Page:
A week ago, Russian explorers laid claim to the mineral wealth of the Arctic by planting their country’s flag on the seabed beneath the North Pole, in a move described as “heroic” by Robert Nigmatulin, head of Russia’s Institute of Oceanic Studies.
However, Russian experts have conceded that this symbolic claim must be decided by the U.N. Commission on the Limits of the Continental Shelf, provided scientists are able to determine whether the continental shelf extends to the area under the pole: “These rock formations are going to be the only solid proof of Russia’s claim”, Nigmatulin commented from Moscow. “Only after that will it be appropriate to raise the legal issues about the claims of neighbouring states to that ground.” Drilling deep enough into the seabed to assess the continental shelf will not be possible until at least 2013.
Russian geologists estimate the Arctic seabed has at least 9 – 10 billion tons of fuel equivalent, about the same as Russia’s total oil reserves, so the claim is a potentially very valuable one. Norway and Denmark (acting on behalf of its colonial interest in Greenland) are expected to make their own bids for the polar territory, which had previously been divided between neighbouring nations including Canada and the US by an international treaty.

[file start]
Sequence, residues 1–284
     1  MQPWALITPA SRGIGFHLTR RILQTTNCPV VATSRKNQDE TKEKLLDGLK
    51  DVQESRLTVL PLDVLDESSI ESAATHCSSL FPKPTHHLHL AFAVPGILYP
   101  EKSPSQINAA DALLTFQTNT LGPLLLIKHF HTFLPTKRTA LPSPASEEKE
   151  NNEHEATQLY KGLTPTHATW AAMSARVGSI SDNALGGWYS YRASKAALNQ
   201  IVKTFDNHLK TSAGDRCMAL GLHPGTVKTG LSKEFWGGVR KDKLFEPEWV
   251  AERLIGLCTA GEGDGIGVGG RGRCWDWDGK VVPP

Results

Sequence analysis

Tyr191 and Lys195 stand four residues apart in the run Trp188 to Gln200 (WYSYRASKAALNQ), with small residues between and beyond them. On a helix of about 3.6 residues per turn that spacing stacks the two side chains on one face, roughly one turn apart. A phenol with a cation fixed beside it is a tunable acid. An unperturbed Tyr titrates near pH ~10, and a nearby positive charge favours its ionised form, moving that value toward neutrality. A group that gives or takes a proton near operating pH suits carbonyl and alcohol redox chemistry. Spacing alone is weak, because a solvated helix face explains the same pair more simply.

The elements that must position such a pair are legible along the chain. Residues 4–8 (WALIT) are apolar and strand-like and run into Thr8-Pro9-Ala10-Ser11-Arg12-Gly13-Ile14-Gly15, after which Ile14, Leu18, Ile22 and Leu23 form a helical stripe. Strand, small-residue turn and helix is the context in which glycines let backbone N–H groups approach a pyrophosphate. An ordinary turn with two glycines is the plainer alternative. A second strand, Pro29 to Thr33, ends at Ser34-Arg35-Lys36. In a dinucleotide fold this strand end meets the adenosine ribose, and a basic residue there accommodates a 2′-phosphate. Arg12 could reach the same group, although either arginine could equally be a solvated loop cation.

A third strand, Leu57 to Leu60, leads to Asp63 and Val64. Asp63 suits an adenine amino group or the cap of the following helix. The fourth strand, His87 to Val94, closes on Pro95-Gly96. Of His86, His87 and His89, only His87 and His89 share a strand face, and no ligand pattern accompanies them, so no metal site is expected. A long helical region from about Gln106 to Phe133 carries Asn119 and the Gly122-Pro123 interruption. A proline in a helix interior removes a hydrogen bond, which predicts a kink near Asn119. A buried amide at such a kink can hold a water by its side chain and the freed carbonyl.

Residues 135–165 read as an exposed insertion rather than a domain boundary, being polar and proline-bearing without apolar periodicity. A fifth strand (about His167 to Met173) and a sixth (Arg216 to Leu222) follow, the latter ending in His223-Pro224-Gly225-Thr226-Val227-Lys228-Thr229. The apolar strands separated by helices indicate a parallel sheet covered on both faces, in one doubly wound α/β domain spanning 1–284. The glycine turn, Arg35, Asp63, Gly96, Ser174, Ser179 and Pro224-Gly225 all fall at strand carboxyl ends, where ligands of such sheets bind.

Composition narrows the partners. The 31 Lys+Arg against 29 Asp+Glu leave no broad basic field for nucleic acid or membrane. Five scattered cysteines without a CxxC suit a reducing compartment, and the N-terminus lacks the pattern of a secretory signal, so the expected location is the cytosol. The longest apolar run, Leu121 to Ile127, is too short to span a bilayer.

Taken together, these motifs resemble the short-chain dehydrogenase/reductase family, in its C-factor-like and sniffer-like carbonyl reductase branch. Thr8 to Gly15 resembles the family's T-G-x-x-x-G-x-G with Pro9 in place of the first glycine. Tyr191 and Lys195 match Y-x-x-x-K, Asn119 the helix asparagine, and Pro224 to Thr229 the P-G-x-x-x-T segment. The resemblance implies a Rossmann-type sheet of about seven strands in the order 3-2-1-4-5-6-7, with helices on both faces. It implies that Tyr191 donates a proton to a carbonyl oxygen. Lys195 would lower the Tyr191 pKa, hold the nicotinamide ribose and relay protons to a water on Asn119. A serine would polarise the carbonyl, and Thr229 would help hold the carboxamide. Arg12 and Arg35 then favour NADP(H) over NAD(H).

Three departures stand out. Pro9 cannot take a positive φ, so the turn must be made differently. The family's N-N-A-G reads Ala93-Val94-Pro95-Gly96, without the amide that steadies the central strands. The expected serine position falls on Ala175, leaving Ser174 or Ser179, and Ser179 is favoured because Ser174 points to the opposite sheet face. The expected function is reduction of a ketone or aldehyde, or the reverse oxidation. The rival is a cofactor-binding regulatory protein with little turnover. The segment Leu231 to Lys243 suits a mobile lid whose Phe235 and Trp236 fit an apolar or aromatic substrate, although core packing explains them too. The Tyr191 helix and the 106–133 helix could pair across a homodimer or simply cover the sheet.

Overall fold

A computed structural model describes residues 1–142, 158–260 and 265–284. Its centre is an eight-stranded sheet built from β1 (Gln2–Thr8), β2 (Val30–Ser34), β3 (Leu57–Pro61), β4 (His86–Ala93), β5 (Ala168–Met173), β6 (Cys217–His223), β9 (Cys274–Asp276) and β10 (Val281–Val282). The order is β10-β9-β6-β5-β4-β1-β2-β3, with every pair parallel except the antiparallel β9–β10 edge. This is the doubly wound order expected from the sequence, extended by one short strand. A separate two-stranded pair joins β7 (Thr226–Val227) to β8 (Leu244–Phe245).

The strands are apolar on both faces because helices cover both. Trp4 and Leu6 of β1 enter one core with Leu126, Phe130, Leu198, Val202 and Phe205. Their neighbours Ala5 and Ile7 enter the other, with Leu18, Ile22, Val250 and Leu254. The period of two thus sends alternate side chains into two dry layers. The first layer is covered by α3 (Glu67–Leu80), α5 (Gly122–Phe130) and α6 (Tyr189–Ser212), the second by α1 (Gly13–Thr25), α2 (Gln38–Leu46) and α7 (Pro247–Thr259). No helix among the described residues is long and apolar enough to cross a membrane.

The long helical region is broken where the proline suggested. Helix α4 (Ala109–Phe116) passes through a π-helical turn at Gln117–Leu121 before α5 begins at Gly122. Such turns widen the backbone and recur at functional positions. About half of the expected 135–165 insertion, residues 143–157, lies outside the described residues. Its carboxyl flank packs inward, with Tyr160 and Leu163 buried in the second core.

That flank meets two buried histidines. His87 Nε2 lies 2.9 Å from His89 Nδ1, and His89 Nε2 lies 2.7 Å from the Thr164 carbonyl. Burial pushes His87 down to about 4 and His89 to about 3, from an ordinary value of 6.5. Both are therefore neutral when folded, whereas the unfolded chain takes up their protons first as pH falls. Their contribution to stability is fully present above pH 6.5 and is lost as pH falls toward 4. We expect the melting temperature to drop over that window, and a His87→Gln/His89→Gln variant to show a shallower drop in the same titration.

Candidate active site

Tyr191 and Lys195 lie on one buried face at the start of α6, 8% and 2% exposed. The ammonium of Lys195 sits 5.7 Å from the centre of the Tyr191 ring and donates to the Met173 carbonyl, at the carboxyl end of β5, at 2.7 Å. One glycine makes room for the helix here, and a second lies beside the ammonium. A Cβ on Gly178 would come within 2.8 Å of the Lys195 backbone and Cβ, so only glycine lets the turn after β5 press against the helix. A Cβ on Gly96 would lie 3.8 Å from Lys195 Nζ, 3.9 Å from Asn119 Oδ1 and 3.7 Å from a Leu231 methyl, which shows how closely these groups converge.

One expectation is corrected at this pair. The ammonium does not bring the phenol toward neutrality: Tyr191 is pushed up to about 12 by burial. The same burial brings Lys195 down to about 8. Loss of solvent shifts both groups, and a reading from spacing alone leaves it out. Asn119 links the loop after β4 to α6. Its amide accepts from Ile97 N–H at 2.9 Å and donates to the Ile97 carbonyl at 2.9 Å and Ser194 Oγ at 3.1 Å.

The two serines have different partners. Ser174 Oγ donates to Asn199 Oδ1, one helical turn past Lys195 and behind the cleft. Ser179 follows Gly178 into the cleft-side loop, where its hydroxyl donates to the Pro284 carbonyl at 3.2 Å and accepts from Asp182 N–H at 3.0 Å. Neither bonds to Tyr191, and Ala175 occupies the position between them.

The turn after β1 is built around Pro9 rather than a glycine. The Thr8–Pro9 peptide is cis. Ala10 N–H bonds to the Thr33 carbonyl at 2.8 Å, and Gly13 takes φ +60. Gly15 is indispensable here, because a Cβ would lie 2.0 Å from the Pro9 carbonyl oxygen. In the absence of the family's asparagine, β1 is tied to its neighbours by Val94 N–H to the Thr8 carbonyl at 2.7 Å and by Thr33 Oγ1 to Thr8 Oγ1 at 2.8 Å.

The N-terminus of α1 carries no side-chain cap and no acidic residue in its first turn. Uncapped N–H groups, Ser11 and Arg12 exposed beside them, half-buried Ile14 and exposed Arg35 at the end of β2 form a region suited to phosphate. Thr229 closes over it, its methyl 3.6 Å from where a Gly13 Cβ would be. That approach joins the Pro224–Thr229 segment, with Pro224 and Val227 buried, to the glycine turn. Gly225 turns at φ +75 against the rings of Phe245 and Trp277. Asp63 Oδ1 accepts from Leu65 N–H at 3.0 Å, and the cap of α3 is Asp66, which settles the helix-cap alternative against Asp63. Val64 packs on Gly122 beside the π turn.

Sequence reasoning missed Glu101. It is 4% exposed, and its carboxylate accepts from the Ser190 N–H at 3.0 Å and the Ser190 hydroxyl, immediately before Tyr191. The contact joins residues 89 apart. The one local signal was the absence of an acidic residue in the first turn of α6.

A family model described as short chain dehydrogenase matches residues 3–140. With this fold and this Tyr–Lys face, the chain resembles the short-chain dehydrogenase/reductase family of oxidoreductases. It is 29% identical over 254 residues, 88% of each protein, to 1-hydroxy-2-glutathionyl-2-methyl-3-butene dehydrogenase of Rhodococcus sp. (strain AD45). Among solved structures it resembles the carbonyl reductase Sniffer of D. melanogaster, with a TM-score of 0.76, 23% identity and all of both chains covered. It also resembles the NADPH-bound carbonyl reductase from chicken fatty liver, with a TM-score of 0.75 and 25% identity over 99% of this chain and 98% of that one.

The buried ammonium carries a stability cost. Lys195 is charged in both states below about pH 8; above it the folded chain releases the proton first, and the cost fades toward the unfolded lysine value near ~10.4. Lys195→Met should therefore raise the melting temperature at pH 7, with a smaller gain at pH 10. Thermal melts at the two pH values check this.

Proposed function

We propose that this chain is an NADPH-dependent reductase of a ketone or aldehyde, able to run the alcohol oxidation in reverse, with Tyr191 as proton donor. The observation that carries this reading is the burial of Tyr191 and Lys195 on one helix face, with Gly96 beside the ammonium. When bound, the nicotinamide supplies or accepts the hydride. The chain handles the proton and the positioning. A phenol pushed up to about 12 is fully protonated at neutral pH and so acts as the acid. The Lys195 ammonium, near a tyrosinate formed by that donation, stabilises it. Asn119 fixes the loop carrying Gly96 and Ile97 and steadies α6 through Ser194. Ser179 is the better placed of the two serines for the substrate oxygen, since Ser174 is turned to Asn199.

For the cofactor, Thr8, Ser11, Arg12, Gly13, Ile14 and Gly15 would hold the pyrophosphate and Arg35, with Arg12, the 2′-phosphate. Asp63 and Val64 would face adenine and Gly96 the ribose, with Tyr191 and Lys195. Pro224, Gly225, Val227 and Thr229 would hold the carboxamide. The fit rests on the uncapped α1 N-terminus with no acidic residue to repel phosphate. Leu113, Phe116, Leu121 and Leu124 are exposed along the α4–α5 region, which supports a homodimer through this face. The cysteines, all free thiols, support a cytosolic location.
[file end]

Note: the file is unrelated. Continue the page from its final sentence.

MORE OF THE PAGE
The accelerated shrinking of the polar ice cap caused by global warming has sparked a new oil rush in the arctic, by enabling exploration that was previously unthinkable because of the extreme conditions.
Critics fear that Russia wish to use their claim to arctic oil reserves as a weapon for its aggressive foreign policy, after the Kremlin-run Gazprom this week threatened to cut off gas supplies to Belarus in a re-run of the economic bullying of Ukraine in 2006 that affected further supplies to Europe. If Russia had carried out its threat, gas supplies to Germany and Poland would definitely have been at risk.
Conflicts like this remind us that it is imperative to reduce our dependency on fossil fuels as quickly as possible. As reserves dwindle, international struggles over claims to mineral deposits and supplies can only worsen.